GY207      Half Unit
Economy, Society and Place

This information is for the 2020/21 session.

Teacher responsible

Dr Alan Mace STC318b


This course is available on the BA in Geography, BSc in Economic History and Geography, BSc in Environment and Development, BSc in Environmental Policy with Economics and BSc in Geography with Economics. This course is available as an outside option to students on other programmes where regulations permit and to General Course students.

Course content

Why do people choose to live in particular places? Is it simply a trade off of affordability and housing space or are other factors at play? In what ways are residential choices influenced and how significant is the outcome? We address these and other questions with reference to the work of Pierre Bourdieu. Drawing on his theories we look at the role of culture in nuancing class-based explanations of place. In so doing we examine the inter-relatedness of economy, governance and society in influencing the choice of places where people live. We consider how these choices might confer social advantage or disadvantage to individual households and the significance of this for policy makers. We use a series of place-based typologies and phenomenon to relate the theory to practice. Examples might include but are not limited to; suburbanisation, rural second homes and gentrification.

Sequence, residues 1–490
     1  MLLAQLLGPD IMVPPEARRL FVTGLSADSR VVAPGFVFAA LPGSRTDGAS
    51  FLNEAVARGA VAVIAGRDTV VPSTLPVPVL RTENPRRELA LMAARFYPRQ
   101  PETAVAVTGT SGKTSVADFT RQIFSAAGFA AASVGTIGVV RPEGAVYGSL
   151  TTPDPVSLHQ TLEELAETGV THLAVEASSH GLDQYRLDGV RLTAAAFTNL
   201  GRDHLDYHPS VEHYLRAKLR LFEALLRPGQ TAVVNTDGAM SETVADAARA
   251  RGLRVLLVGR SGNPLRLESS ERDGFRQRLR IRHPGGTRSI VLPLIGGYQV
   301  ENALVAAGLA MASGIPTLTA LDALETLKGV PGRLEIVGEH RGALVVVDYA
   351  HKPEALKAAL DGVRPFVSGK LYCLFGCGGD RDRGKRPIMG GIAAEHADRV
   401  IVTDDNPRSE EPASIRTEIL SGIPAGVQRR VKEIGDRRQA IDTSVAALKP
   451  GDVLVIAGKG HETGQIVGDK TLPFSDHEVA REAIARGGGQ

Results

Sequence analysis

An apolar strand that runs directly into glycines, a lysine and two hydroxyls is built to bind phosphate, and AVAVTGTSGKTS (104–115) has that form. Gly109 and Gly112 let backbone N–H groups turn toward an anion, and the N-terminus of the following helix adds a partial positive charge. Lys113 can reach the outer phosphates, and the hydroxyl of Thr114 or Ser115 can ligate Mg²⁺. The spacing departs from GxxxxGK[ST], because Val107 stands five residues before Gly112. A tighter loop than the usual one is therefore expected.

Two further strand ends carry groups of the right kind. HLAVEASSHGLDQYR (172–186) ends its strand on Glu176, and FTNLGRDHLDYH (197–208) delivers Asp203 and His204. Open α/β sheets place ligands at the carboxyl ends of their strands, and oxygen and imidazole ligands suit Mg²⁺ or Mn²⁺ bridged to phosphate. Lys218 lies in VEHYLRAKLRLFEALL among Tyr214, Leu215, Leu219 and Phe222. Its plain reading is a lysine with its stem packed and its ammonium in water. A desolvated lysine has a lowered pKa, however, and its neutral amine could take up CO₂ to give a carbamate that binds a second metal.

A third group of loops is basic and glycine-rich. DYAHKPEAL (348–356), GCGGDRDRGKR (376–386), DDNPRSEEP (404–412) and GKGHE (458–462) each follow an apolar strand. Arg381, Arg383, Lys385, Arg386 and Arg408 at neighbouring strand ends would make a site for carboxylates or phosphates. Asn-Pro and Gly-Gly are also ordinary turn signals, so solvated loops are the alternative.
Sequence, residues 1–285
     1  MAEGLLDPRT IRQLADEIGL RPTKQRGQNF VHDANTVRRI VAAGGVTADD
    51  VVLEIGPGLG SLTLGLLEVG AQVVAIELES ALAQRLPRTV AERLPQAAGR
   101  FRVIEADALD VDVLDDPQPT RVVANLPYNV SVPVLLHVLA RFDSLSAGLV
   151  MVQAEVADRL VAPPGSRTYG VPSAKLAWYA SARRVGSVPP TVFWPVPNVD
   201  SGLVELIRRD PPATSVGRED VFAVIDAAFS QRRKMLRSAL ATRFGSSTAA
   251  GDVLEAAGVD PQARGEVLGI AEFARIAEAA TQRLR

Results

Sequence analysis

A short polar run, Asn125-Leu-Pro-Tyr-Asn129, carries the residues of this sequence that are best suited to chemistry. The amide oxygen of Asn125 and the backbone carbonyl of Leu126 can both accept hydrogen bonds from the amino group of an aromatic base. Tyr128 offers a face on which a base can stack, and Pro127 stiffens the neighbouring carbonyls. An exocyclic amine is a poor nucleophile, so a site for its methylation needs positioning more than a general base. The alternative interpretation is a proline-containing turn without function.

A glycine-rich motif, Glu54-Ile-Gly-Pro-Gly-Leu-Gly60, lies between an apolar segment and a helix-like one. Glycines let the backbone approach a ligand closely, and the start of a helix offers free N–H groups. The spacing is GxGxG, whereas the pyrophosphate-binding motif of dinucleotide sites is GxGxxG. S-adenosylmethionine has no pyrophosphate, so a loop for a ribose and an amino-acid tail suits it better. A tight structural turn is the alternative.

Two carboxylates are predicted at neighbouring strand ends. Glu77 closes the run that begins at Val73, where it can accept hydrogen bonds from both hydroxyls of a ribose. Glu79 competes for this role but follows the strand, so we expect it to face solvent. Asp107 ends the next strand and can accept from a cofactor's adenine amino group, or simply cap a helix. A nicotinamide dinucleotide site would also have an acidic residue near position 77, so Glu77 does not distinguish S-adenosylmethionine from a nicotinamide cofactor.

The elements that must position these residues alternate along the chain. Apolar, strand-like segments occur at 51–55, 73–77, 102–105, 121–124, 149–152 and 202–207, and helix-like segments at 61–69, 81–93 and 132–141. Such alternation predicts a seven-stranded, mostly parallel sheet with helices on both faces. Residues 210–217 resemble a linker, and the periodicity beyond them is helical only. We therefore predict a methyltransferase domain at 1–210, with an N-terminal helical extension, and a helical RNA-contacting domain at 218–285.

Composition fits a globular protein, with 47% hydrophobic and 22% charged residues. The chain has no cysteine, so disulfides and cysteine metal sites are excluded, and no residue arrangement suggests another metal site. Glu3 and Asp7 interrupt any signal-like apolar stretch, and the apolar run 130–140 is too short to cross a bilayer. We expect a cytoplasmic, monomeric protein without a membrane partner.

In the Department of Geography and Environment, teaching will be delivered through a combination of classes/seminars, pre-recorded lectures, live online lectures, in-person lectures and other supplementary interactive live activities.


This course is delivered through a combination of classes and lectures in Lent Term. There is no teaching in week 11 due to the anticipated second year geography field trip. 


This course includes a reading week in Week 6 of Lent Term.

Formative coursework

The formative work will be an essay plan that directly prepares students for the summative work.

Indicative reading

  • Bourdieu, P. (2005) ‘Habitus’. In Jean Hillier and Emma Rooksby (eds) Habitus: a sense of place. 43-5.
  • Mace, A. (2017), Spatial capital as a tool for planning practice. Planning Theory 16(2) 119-132.
  • Peck, J. (2011). Neoliberal Suburbanism: Frontier Space. Urban Geography, 32(6), 884–919.
  • Savage, M. The Lost Urban Sociology of Pierre Bourdieu (chapter 45). In Gary Bridge and Sophie Watson (eds) The new Blackwell companion to the city. 511-520.


Essay (100%, 3000 words) in the ST.

Important information in response to COVID-19

Please note that during 2020/21 academic year some variation to teaching and learning activities may be required to respond to changes in public health advice and/or to account for the situation of students in attendance on campus and those studying online during the early part of the academic year. For assessment, this may involve changes to mode of delivery and/or the format or weighting of assessments. Changes will only be made if required and students will be notified about any changes to teaching or assessment plans at the earliest opportunity.

Key facts

Department: Geography & Environment

Total students 2019/20: 51

Average class size 2019/20: 17

Capped 2019/20: No

Value: Half Unit

Guidelines for interpreting course guide information

Personal development skills

  • Self-management
  • Problem solving
  • Application of information skills
  • Communication